The American Pictorial Home Book
or Housekeeper's Encyclopedia - online book

A reference manual of household management in Victorian times.

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enough to fall to pieces, then strain off the water; now put the goose into a pot, pour over it the broth of the calf's feet and enough water to cover the goose well; add some vinegar, spices, salt, onions and a half peel of a lemon; cover it and boil slowly until the goose is soft. Let it cool off in the broth, and take out the goose after it is cold. Cut all the meat off the bones and lay it in a deep earthern dish. Take all the fat off the broth, taste it, add more vinegar and salt if necessary, let it run through a cloth and pour it over the meat. It will be nice and stiff after 24 hours, and you can eat it cold with bread or cream. If you can get gellatine it will be so much sipipler to prepare it. Boil the goose in water and spiced just as before. The toughest meat will get tender if boiled with vinegar. The American cooks always steam the goose before roasting. Try it once without steaming. Rub it with salt, both inside and outside; put a little water in your frying pan and roast it in a hot oven two or three hours, according to size, and if it is a young goose you will find it superb.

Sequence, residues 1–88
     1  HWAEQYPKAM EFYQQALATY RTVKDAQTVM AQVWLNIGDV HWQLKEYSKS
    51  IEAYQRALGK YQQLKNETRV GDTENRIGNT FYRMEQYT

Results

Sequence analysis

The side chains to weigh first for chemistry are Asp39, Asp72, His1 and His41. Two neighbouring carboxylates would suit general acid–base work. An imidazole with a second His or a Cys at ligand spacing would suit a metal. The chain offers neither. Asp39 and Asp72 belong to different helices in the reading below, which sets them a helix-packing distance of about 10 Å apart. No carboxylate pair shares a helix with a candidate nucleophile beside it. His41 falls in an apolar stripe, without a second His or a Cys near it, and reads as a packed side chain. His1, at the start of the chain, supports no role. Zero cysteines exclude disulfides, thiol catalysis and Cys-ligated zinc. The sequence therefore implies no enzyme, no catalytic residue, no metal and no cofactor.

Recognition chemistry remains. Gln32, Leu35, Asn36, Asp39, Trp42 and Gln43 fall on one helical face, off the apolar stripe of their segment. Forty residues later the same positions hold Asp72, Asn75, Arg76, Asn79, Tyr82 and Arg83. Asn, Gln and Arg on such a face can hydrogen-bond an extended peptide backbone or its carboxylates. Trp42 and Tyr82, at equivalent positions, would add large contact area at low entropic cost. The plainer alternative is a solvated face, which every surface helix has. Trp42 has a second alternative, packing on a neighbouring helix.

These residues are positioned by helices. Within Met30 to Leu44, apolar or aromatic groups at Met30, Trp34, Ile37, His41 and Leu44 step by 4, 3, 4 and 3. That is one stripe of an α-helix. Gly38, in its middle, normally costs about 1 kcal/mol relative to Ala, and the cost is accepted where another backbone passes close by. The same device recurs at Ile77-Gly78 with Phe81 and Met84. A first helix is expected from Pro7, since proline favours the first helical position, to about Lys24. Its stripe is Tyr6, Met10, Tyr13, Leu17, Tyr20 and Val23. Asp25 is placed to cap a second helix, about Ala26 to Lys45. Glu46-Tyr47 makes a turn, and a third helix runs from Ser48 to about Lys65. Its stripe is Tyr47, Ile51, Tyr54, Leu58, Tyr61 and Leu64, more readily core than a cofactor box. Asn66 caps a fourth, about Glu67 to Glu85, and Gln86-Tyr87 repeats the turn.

Pig's Pettitoes.—A thin slice of bacon, 1 onion, 1 blade of mace, 6 peppercorns, 3 or 4 sprigs of thyme, 1 pint of gravy, pepper and salt to taste—thickening of butter and flour. Put the liver, heart and pettitoes into a stewpan with the bacon, mace, peppercorns, thyme, onion and gravy, and simmer these gently for 1-4 of an hour; then take out the heart and liver and mince them very fine. Keep stew­ing the feet until quite tender, which will be from 20 to 30 minutes, reckoning from the time that they boil up first; then put back the minced liver, thicken the gravy with a little butter and flour, season with pepper and salt, and simmer over a gentle fire for five minutes, occasionally stirring the contents. Dish theTnince, split the feet and arrange them around alternately with sippets of toasted bread and pour the gravy in the middle. Altogether 40 minutes.
Sheep's Feet or Trotters.—12 feet, 1-4 lb. of beef or mutton suet, 2 onions, 1 carrot, 2 bay leaves, 2 sprigs of thyme, 1 oz. salt, 1-4 oz. pepper, 2 tablespoonfuls flour, 2 1-2 quarts of water, 1-4 lb. fresh butter, 1 teaspoonful each of salt, flour and pepper, a little grated nutmeg, the juice of 1 lemon, 1 gill of milk and the yolks of 2 eggs. Have the feet cleaned and the long bone extracted from them, put the suet into a stewpan, with the onions and carrot sliced, the bay leaves, thyme, salt and pepper, and let these simmer for five minutes ; add 2 tablespoonfus of flour and the water, and keep stir­ring till it boils, then put in the feet. Let these simmer for 3 hours, or until perfectly tender, take them and lay them on a sieve, mix to­gether on a plate with the back of a spoon, butter, salt, flour (2 tea-spoonfuls), pepper, nutmeg and lemon juice, as above, and put the feet, with a gill of milk, into a stewpan ; when very hot, add the